I love what INCOMING does for artists – paying them for their performances with a proper fee AND giving them half of their box office.

I love what the festival offers for audiences – with all tickets just £5 it means they can take a risk and they do: in previous years over 70% have never seen work by the company they booked for.

And for the for the sector as a whole – the free workshops are great, it has a truly nationwide programme – with many groups performing in London for the very first time – and a huge number of regional programmers and artistic directors come and see the work. It’s a chaotic, creative and wonderful ten days.

  1. What’s the best emoji?

Is there a wizard one? That. Or the cheese one.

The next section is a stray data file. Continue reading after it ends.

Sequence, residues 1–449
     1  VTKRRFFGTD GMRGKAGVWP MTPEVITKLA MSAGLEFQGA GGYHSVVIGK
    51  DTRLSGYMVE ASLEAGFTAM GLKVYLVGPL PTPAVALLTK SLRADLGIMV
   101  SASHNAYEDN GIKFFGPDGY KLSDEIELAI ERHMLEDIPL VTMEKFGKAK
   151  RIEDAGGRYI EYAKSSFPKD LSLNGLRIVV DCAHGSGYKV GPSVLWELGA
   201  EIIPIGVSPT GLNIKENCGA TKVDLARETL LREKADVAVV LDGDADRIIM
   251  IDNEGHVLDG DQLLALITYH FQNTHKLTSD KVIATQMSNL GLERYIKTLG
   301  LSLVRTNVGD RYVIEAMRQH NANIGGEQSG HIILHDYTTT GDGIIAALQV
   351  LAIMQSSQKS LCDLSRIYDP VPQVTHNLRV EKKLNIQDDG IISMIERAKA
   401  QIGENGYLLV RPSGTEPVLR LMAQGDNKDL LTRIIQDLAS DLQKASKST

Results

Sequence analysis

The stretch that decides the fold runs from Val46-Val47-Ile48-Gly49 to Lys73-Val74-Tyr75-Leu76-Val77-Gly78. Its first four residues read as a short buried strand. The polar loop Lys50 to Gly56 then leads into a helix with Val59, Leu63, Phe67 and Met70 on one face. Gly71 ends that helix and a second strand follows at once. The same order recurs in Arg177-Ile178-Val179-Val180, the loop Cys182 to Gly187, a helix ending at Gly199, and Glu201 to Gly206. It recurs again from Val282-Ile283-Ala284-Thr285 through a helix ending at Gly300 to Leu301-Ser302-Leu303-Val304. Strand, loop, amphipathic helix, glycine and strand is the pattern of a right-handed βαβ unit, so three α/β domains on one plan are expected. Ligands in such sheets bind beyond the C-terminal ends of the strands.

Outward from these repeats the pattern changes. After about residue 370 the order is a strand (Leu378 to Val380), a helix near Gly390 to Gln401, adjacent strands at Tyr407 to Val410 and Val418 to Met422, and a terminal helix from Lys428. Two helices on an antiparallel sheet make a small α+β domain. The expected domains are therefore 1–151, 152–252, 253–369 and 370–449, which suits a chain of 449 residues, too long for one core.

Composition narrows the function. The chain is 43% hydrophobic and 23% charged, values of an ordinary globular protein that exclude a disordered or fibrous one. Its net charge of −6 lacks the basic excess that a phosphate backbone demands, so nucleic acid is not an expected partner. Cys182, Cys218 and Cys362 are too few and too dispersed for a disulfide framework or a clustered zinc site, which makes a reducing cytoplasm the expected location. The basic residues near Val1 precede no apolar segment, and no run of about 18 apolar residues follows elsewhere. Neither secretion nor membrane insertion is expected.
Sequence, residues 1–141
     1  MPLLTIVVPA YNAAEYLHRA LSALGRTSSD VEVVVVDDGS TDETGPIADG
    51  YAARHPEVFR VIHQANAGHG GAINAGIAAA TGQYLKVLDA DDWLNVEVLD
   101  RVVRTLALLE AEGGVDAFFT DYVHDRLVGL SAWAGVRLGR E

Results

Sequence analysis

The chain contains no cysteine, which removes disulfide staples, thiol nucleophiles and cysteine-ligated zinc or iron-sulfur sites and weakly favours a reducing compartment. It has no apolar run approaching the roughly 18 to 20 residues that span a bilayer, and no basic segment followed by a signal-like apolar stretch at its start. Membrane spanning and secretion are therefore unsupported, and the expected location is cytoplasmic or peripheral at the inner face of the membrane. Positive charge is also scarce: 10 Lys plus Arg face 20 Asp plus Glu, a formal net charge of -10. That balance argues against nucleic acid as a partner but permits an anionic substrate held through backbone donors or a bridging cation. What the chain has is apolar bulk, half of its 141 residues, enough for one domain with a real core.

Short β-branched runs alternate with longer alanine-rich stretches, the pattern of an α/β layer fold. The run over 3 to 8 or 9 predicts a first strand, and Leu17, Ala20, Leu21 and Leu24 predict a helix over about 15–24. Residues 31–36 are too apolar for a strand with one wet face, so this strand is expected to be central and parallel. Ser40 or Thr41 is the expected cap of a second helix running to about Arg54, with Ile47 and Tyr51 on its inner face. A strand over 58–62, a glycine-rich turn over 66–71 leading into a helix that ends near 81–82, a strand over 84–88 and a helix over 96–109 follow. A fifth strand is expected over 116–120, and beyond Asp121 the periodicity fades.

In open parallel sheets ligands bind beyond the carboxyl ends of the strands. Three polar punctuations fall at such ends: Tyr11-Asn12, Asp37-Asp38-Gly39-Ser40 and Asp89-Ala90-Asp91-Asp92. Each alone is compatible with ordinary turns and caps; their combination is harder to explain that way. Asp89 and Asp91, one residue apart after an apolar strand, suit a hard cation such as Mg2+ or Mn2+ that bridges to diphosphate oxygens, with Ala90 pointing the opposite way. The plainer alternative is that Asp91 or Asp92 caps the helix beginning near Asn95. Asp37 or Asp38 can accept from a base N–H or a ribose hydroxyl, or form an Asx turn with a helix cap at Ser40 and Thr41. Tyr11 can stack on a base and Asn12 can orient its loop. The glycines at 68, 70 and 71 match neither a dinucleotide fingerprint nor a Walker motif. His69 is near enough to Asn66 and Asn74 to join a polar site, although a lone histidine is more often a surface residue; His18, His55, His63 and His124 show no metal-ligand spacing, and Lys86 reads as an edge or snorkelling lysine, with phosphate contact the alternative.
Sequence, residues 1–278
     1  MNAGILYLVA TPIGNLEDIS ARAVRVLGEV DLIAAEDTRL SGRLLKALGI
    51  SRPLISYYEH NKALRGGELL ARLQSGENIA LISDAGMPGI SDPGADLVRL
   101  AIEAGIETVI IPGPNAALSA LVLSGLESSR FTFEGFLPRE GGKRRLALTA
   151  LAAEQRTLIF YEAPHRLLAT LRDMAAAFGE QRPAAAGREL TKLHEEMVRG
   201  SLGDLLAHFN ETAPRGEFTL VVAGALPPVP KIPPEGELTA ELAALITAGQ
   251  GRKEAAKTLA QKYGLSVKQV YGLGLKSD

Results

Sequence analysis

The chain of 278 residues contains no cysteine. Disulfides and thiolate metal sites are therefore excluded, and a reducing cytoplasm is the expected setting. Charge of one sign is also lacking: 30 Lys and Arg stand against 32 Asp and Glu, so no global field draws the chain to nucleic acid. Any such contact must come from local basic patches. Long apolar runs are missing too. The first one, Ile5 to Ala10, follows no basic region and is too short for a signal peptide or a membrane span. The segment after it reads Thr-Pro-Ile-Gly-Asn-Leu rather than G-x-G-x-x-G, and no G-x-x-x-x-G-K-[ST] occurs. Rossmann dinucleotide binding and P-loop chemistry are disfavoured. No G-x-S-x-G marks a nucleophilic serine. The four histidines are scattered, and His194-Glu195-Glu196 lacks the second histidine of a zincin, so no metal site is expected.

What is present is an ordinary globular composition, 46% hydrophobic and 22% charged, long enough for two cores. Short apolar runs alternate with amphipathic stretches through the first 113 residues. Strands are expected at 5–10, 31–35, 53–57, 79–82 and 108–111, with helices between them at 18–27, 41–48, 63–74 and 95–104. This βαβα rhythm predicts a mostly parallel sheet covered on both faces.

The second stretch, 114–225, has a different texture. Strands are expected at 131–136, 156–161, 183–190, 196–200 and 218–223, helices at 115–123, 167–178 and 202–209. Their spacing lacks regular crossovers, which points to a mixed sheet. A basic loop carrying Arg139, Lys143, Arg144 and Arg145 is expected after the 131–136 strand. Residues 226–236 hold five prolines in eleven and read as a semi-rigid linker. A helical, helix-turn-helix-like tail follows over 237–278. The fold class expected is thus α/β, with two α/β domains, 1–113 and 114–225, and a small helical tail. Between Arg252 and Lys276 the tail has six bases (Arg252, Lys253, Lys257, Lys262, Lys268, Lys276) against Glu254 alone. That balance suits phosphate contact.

emoji-cheese
Cheese emoji

 

  1. What do you see at the moment, theatre wise, that excites you?

Right now I’m looking at the programme for 2016’s National Student Drama Festival. The last few years they’ve been really punching above their weight. I can’t wait to see what this years group do.

I’ve been standing back with pride at Rhum and Clay’s latest show, HARDBOILED, directed by Beth Flintoff that’s been performing at NDT to such enthusiastic audiences (and a great five star review in Time Out).

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Rhum and Clay, HARDBOILED

 

And I’m excited at not just delivering the Artist Development Programme we’ve just launched but growing it – we’ve already got ideas of how to make it even better and more exciting.

BYE DAVE.  🙂